Many people think of open-source intelligence (OSINT) as identifying and mitigating threats for the security team. In this episode, we explore how OSINT is used to drive revenue. We talk about the role social media and OSINT play in marketing campaigns, particularly around brand awareness, brand reputation, go-to-market (GTM) strategy, and overall revenue generation. We also discuss what marketing and security teams can learn from OSINT intelligence tradecraft, particularly when there are threats to the brand’s reputation.
Here are the 4 Topics We Cover in This Episode:
1) Even in Marketing, Context and Insights Provide Intelligence, Not Data:
Raw data is not intelligence; rather, intelligence is a refined product where context is provided around information and data. Similar to the national security and enterprise security world, where adversaries are trying to commit crimes and espionage, businesses want to attract people to their brand. Open-source and social media information are powerful data points when analyzed, providing critical intelligence on what consumers and businesses want to buy. Every human being is now a signal no different from radio intercepts during Pearl Harbor.
2) The Role of OSINT in Driving Revenue for the Brand; Quantitative and Qualitative Metrics:
In the security world, attribution to a particular organization is necessary to continue to receive fundraising, whether it’s a hacking group or a terrorist organization. In the marketing world, brand intelligence is a crucial piece in the following three elements to influence a person:
- Persuasive content
- Delivered from a credible voice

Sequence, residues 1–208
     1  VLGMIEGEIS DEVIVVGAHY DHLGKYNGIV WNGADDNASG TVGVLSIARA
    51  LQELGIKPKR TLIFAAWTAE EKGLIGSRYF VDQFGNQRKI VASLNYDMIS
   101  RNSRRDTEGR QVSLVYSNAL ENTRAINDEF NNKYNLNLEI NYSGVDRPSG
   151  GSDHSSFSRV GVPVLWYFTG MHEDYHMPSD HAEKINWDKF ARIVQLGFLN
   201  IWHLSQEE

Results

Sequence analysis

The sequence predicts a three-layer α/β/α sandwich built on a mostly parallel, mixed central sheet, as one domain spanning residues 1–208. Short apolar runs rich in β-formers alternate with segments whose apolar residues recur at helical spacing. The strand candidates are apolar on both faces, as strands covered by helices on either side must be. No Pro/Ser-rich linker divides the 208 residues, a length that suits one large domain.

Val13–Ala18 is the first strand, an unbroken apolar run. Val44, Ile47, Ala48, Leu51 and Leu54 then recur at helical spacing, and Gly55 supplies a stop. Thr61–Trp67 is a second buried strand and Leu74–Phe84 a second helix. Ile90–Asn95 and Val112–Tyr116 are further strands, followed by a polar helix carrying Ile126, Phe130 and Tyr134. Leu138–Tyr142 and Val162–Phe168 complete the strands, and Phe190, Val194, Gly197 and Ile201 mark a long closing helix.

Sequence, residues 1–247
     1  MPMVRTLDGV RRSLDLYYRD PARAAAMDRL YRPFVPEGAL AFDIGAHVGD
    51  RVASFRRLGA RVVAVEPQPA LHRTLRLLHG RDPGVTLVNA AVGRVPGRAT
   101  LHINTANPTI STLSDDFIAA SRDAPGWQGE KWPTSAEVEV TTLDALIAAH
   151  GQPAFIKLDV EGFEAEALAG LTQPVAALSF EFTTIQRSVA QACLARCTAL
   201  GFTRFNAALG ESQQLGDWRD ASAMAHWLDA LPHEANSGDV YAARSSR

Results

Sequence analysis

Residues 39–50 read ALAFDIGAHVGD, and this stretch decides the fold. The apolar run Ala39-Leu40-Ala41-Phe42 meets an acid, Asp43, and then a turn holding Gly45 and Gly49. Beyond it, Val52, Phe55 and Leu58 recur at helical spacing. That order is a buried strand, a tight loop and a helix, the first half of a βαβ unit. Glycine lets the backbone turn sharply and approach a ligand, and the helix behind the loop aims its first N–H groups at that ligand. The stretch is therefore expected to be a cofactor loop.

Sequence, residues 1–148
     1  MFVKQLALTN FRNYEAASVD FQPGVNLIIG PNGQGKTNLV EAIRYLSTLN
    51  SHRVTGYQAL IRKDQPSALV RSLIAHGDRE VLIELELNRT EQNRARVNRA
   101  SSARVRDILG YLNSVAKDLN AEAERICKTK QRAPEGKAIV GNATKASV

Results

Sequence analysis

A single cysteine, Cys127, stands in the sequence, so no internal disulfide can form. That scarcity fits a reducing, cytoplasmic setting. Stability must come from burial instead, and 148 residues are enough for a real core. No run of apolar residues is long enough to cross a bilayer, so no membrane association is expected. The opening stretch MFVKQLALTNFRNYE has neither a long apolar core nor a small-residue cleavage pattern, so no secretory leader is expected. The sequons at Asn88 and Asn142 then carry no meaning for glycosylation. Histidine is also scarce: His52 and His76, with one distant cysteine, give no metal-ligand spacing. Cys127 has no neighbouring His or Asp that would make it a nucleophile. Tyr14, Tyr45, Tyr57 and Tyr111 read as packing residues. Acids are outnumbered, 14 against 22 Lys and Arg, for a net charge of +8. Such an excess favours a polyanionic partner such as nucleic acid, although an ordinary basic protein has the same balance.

- Network or audience with a high engagement rate
Open-source intelligence can be mined in a way that provides insights stronger than traditional marketing focus groups. While celebrities attract attention, people are likely to follow people like themselves, aka micro-influencers.
Quantitatively, numbers increasing in revenue, sharing, engagements are critical metrics. Qualitatively, marketing teams can mine social media data to determine what people are thinking about a particular product, but also to understand how the products are performing, and then design and build future products. The crowd will tell a brand what they want and they don’t have yet, and you can use that data to build future products.
3) Where Marketing Meets Security: Threats to Brand Reputation:
Security teams should work with marketing teams daily to protect the brand. In today’s threats to brands, the human dimension of what people say online is of equal credibility if not more important than technical signals that show a company has suffered a breach, particularly regarding misinformation and disinformation. The human dimension is converging with a technical dimension, and a true holistic hybrid model is needed for enterprise security and intelligence teams. An example of reputation threats that happen in business every day:
- Smear campaigns using disinformation and misinformation from competitors introduce uncertainty into a brand’s ecosystem.
4) Where Security Meets Marketing: Privacy Taken Seriously That Enhances the Brand:
On the flip side, marketing teams should look for ways to promote the security of their products as business differentiators. Marketing teams should also consult with the security teams to understand all the different data lakes that are available in social media, dark web, and open source to ensure they can collect on the proper type of sentiment where brands are being discussed.